United’s 3rd Quarter Revenue Call: Oscar Munoz Has a Plan, But It’s a Secret Plan

United held its quarterly call on financial results this morning. And the consistent message throughout the call was that they’re going to do a lot of things differently, they just won’t tell us what yet.

They’re want to talk about things like basic economy fares and about new IT investments. They’re going to talk about how they’re forecasting revenue. But over and over they punted to say they’d talk about those things at next month’s investor day… the refrain got so old that CEO Oscar Munoz made a chuckle out of punting to investor day.

Here’s what Oscar Munoz’s office looked like after the call:

I did find interesting in response to a question from Hunter Keay (Wolfe Research) that United doesn’t have a process to measure forecast revenue versus actuals on a market-by-market basis. According to new President Scott Kirby, for instance, Christmas this year is on a Sunday and since they don’t have historical data on that, they also don’t have much computer input into that and they’re hand-managing.

According to Kirby the ‘fundamental architecture’ that the system is built on can handle planned improvements so they need to build on top of the current architecture versus replacing it. So it sounds like United is stuck with SHARES.

He described the pricing environment having started to change in favor of airlines, dating to mid-August, and he refused to explain further publicly.

At American, Kirby claimed 87% of customers fly once a year or less driving half of revenue. He was asked for similar numbers at United and reported it was 85% of customers. The flip side of course is that 15% of customers are flying more frequently and driving and outsized portion of revenue.

And beware United customers, they’re already talking about their performance vis-à-vis “D0”.

About Gary Leff

Gary Leff is one of the foremost experts in the field of miles, points, and frequent business travel - a topic he has covered since 2002. Co-founder of frequent flyer community InsideFlyer.com, emcee of the Freddie Awards, and named one of the "World's Top Travel Experts" by Conde' Nast Traveler (2010-Present) Gary has been a guest on most major news media, profiled in several top print publications, and published broadly on the topic of consumer loyalty. More About Gary »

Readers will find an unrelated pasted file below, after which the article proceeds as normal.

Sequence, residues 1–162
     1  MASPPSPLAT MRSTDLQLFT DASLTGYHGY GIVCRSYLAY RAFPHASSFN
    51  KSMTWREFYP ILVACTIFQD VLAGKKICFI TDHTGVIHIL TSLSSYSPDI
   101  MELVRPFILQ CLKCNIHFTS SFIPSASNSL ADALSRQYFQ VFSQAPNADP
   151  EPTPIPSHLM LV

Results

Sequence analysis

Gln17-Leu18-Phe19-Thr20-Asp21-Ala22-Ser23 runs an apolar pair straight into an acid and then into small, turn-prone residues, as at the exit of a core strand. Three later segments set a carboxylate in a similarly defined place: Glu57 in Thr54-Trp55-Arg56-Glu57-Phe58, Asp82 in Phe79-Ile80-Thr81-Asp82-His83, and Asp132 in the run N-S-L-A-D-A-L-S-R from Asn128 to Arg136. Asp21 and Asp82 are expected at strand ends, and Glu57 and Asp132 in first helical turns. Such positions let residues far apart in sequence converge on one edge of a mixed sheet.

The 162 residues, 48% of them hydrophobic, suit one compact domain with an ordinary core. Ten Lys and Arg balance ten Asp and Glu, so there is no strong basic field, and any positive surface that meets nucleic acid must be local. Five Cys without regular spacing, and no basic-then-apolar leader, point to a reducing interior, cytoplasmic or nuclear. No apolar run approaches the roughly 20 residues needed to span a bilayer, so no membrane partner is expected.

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  1. The gutting of their Frequent Flyer programs and their other little nickel-dime stunts caused me to have 100,000+ AA miles this year, 20+ Southwest flights, 10+ on Virgin and only 2-3 flights on UA or DL. Hearing that their other moves are not well-thought out, not enough to disclose “at this time” during a major media event, makes me think they are just as clueless as I’ve suspected. Glad I’m not an investor.

  2. Agree with SST above. How many long time UA flyers (since 1988 for me) have left UA for other airlines?

  3. Gary being the astute individual that you are you should know that public companies tend to share the bare minimum required on SEC filings and in their public interactions with shareholders. Would you rather them blabber about all kinds of things that are still being evaluated and are therefore subject to change? Sounds like much of the new management team’s vision and direction for the company will be shared in November, a few short weeks away. For someone who claims to have such strong business and financial acumen it’s amazing you can’t understand this simple concept.

  4. And Gary you kvetch about how bad you think the U.S. carriers are yet you say nothing about how the Emirates/Etihad/Qatar carriers of the world say virtually nothing about their financial performance, growth, bench-marking, outlook, etc. What UAL shared today is eons more than anything you could get beloved Etihad or Qatar to share. You deem what UAL says as salient to your readership, so presumably the financial condition and performance of Gulf Carriers is also relevant. Doubt we will see a posting about that.

  5. Kicking the can down the road to an investor call was a hallmark of United’s Q1 call this year, and on that call, we really didn’t get much information, again. I’m not expecting much in the way of juicy revelations on this upcoming Investor Day.

  6. @colleen – thanks, sweet suggestion and I appreciate it. I decided not to campaign for this. But I appreciate readers who value the site enough to say so — here, there, or anywhere 🙂

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